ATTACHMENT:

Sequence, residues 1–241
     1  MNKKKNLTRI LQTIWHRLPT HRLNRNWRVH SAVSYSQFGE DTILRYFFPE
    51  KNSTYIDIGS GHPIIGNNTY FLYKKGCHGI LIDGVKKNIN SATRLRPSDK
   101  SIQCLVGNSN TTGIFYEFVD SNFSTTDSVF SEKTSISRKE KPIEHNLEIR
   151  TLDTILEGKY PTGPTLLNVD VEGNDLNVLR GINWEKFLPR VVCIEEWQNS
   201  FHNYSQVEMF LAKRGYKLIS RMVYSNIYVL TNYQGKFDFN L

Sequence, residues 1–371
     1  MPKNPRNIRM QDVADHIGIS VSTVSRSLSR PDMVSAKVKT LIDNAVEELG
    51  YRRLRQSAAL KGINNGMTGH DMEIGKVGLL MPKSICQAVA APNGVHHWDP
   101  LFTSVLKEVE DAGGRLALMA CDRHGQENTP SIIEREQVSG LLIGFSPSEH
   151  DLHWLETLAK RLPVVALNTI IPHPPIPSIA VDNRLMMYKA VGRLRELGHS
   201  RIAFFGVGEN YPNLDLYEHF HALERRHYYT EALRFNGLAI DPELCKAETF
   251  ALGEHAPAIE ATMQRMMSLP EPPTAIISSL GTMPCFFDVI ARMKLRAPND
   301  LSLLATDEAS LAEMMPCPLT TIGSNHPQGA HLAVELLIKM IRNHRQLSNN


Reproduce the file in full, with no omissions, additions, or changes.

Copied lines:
Sequence, residues 1–241
     1  MNKKKNLTRI LQTIWHRLPT HRLNRNWRVH SAVSYSQFGE DTILRYFFPE
    51  KNSTYIDIGS GHPIIGNNTY FLYKKGCHGI LIDGVKKNIN SATRLRPSDK
   101  SIQCLVGNSN TTGIFYEFVD SNFSTTDSVF SEKTSISRKE KPIEHNLEIR
   151  TLDTILEGKY PTGPTLLNVD VEGNDLNVLR GINWEKFLPR VVCIEEWQNS
   201  FHNYSQVEMF LAKRGYKLIS RMVYSNIYVL TNYQGKFDFN L

Sequence, residues 1–371
     1  MPKNPRNIRM QDVADHIGIS VSTVSRSLSR PDMVSAKVKT LIDNAVEELG
    51  YRRLRQSAAL KGINNGMTGH DMEIGKVGLL MPKSICQAVA APNGVHHWDP
   101  LFTSVLKEVE DAGGRLALMA CDRHGQENTP SIIEREQVSG LLIGFSPSEH
   151  DLHWLETLAK RLPVVALNTI IPHPPIPSIA VDNRLMMYKA VGRLRELGHS
   201  RIAFFGVGEN YPNLDLYEHF HALERRHYYT EALRFNGLAI DPELCKAETF
   251  ALGEHAPAIE ATMQRMMSLP EPPTAIISSL GTMPCFFDVI ARMKLRAPND
   301  LSLLATDEAS LAEMMPCPLT TIGSNHPQGA HLAVELLIKM IRNHRQLSNN